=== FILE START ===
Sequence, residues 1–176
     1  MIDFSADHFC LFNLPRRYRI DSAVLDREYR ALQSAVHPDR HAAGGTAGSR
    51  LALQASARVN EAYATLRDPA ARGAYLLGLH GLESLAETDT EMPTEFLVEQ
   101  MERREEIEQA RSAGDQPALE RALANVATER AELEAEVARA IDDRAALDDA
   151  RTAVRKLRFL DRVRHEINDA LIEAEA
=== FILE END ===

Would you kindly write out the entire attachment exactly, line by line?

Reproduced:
Sequence, residues 1–176
     1  MIDFSADHFC LFNLPRRYRI DSAVLDREYR ALQSAVHPDR HAAGGTAGSR
    51  LALQASARVN EAYATLRDPA ARGAYLLGLH GLESLAETDT EMPTEFLVEQ
   101  MERREEIEQA RSAGDQPALE RALANVATER AELEAEVARA IDDRAALDDA
   151  RTAVRKLRFL DRVRHEINDA LIEAEA